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The 10th International Dental Congress on Modern Pain Control: What Have We Learned?

February 1, 2007
by Joel M. Weaver DDS, PhD


The International Federation of Dental Anesthesia Societies presented the 10th International Dental Congress on Modern Pain Control on July 5-7, 2003, in Edinburgh, Scotland. Professor Eliezer Kauffman from Israel presided. The British Society for the Advancement of Anesthesia in Dentistry organized the Congress under the expert direction of Dr. Chris Holden, Andrea Wraith, and many others. Over 400 participants attended from a total of 28 countries. There were numerous simultaneous sessions on a wide variety of topics so that participants could pick and choose how best to hear as many topics of interest as possible.

Coming from a country where office anesthesia, for diagnostic and surgical procedures, both medical and dental, is a major part of the healthcare industry, it was very disconcerting to interact with individuals who were directly affected by the British General Council’s abolishment of general anesthesia from all dental offices, even when administered by a board-certified physician anesthesiologist (consultant anesthetist). Why did this occur, and what can be done to ensure that other countries do not experience a similar fate?

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Apparently, the British system years ago wisely decided that general anesthesia was beyond the scope of dental-student training, and therefore medical anesthetists stopped training essentially all dentists in this modality. Unlike in the US, where graduating dentists could enroll in the once numerous hospital general anesthesia residencies available at that time, most British dentists were forced to learn general anesthesia from their older partners by on-the-job training. Although many of these dentists received excellent anesthesia mentoring from their office colleagues, some did not. There were no standardized and objectives, no didactic or clinical criteria for training, and no accreditation standards to be enforced.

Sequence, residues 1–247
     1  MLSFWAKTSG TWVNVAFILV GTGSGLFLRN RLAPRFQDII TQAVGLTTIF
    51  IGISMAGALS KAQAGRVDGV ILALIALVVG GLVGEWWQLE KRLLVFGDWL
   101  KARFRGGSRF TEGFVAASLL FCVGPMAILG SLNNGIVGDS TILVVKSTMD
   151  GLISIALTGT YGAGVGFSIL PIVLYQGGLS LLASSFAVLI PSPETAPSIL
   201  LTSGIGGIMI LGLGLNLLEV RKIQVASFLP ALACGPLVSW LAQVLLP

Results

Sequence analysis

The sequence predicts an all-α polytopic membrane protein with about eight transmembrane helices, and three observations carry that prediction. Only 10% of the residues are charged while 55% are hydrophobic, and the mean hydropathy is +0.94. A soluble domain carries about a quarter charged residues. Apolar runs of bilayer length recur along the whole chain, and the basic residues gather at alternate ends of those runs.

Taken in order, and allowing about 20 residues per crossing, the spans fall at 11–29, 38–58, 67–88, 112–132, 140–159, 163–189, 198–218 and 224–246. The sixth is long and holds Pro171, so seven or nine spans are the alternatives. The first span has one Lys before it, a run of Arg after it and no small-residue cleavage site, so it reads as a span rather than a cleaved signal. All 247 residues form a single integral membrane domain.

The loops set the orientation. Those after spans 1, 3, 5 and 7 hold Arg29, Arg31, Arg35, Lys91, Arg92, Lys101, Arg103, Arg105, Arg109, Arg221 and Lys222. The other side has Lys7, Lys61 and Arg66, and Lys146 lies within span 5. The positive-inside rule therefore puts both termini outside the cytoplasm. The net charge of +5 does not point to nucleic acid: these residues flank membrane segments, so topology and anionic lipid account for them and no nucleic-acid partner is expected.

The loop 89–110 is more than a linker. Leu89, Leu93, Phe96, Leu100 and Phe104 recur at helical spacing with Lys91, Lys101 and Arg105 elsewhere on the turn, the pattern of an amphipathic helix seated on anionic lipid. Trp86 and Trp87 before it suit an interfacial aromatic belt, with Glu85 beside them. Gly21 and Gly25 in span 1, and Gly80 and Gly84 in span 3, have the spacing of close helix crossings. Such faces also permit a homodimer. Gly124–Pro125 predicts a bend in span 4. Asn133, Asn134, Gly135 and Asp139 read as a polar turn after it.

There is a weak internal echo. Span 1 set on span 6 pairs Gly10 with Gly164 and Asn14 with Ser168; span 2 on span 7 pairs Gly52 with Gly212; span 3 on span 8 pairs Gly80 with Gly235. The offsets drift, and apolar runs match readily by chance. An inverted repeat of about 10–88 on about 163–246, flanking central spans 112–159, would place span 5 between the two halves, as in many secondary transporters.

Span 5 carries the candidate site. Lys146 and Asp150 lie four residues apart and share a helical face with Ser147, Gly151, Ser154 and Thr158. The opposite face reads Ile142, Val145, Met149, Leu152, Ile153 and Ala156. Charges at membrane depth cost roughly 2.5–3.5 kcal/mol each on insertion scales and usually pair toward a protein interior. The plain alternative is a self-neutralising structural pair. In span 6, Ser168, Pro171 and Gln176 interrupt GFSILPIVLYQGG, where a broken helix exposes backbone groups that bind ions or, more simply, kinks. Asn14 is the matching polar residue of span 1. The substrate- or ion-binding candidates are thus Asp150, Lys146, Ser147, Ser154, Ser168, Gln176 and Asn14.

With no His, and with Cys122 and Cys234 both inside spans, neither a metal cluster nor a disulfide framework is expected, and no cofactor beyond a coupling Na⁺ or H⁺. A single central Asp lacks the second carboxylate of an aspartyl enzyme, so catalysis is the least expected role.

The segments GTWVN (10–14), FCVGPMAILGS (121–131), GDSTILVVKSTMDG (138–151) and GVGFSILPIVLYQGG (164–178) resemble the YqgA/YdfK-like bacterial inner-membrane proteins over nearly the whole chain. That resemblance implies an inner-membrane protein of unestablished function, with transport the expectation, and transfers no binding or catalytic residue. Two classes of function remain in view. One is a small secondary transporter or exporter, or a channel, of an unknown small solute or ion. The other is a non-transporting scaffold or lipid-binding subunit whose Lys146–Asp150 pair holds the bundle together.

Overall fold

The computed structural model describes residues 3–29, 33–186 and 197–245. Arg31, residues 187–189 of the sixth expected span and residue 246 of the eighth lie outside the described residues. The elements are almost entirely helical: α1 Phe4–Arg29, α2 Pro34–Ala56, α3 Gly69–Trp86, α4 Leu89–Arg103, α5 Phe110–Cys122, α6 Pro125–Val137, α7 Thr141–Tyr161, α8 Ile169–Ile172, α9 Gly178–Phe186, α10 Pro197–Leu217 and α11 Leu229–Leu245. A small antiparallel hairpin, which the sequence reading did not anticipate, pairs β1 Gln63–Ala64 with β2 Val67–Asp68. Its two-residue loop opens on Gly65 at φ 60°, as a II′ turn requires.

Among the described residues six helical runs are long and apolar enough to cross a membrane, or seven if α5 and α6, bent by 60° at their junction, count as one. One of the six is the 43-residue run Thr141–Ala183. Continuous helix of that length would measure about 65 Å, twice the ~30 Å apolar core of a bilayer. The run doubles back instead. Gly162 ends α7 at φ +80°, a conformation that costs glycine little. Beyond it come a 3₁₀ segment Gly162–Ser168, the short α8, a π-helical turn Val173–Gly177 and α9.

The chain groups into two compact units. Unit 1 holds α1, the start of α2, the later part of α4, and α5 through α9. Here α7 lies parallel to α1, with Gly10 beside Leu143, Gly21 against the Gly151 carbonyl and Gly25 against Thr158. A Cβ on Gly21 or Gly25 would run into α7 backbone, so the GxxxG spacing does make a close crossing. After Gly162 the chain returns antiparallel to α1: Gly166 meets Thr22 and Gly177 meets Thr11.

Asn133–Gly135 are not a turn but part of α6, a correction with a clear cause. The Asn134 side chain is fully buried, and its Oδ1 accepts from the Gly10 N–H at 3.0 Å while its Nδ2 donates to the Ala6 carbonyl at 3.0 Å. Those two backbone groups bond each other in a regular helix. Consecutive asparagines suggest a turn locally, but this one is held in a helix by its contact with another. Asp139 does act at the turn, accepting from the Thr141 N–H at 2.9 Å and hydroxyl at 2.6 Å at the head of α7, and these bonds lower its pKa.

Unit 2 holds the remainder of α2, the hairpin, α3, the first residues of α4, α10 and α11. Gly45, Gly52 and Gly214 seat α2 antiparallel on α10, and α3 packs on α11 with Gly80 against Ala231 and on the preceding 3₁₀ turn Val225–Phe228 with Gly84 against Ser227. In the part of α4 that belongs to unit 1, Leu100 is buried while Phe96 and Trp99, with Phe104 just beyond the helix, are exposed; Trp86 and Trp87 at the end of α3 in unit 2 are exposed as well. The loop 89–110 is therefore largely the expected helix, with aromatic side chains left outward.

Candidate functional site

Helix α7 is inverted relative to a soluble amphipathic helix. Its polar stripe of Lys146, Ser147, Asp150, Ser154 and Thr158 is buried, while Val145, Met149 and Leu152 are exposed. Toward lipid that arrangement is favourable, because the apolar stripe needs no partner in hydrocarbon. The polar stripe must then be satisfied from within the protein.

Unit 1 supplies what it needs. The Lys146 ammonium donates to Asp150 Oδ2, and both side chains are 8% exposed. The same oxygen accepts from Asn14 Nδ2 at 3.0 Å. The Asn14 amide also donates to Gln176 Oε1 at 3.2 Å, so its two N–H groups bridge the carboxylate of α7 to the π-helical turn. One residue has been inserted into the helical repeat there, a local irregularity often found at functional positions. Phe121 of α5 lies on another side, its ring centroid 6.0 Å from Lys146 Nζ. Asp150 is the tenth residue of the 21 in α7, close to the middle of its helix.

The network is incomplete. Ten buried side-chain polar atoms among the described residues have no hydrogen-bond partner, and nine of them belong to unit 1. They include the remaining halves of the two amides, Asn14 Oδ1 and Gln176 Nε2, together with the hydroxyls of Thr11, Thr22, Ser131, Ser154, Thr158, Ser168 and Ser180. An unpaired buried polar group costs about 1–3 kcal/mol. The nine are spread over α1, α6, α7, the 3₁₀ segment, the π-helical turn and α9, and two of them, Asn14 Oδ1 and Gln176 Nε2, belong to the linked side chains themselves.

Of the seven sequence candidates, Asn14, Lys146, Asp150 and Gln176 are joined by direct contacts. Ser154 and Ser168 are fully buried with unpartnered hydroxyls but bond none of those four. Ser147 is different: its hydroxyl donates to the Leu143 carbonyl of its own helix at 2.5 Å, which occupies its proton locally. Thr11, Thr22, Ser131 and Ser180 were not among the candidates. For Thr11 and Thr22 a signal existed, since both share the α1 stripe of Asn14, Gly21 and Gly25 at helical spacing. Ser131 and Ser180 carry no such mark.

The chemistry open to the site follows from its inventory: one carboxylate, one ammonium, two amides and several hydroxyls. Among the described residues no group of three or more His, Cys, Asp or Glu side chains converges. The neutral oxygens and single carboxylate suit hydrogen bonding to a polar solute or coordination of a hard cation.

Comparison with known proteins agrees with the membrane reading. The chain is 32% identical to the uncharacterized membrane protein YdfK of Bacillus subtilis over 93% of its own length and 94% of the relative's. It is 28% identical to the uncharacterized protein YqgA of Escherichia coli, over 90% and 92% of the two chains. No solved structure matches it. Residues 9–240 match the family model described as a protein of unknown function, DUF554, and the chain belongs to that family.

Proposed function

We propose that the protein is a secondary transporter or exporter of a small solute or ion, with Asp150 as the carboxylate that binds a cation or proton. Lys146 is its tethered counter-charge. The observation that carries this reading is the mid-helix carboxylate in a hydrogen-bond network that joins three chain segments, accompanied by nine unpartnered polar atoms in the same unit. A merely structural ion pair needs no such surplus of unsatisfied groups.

As training became less formalized the British government’s national healthcare system simultaneously markedly decreased reimbursement for dental anesthesia, and many dentists used this as an excuse not to purchase the recommended monitors and modern anesthesia safety equipment. With less education, inadequate monitoring equipment, and no government licensing of general anesthesia providers, some highly publicized poor outcomes occurred, and this forced the General Dental Council to eventually ban all dental-office general anesthesias. Some physician anesthetists also contributed their share of dental-office anesthesia misadventures either because they had been pushed out of hospitals for incompetence and consequently sought employment in dental offices or because the lack of adequate safety equipment and monitors were contributing factors. Political influences also undoubtedly were involved in the General Dental Council’s decision to ban office anesthesia.

If other countries hope to avoid a similar fate, it is obvious that proper training in accredited general anesthesia residency programs for general dentists is the most important key to maintain our profession’s ability to independently provide all levels of anesthesia in dental offices. Proper training combined with strict enforcement of dental anesthesia practice standards for adequate patient evaluation, equipment, personnel, monitoring, and record keeping should prevent what occurred in Great Britain.

History can and often does repeat itself for those who do not learn from those who made mistakes before. Let us strive to protect this vital area of dental practice by earning the privilege to continue to practice office general anesthesia by continually upgrading the quality of our educational programs and practice of anesthesia and not by merely hoping to hold on to the status quo.

Dr. Joel M. Weaver is Editor-in-Chief, Anesthesia Progress


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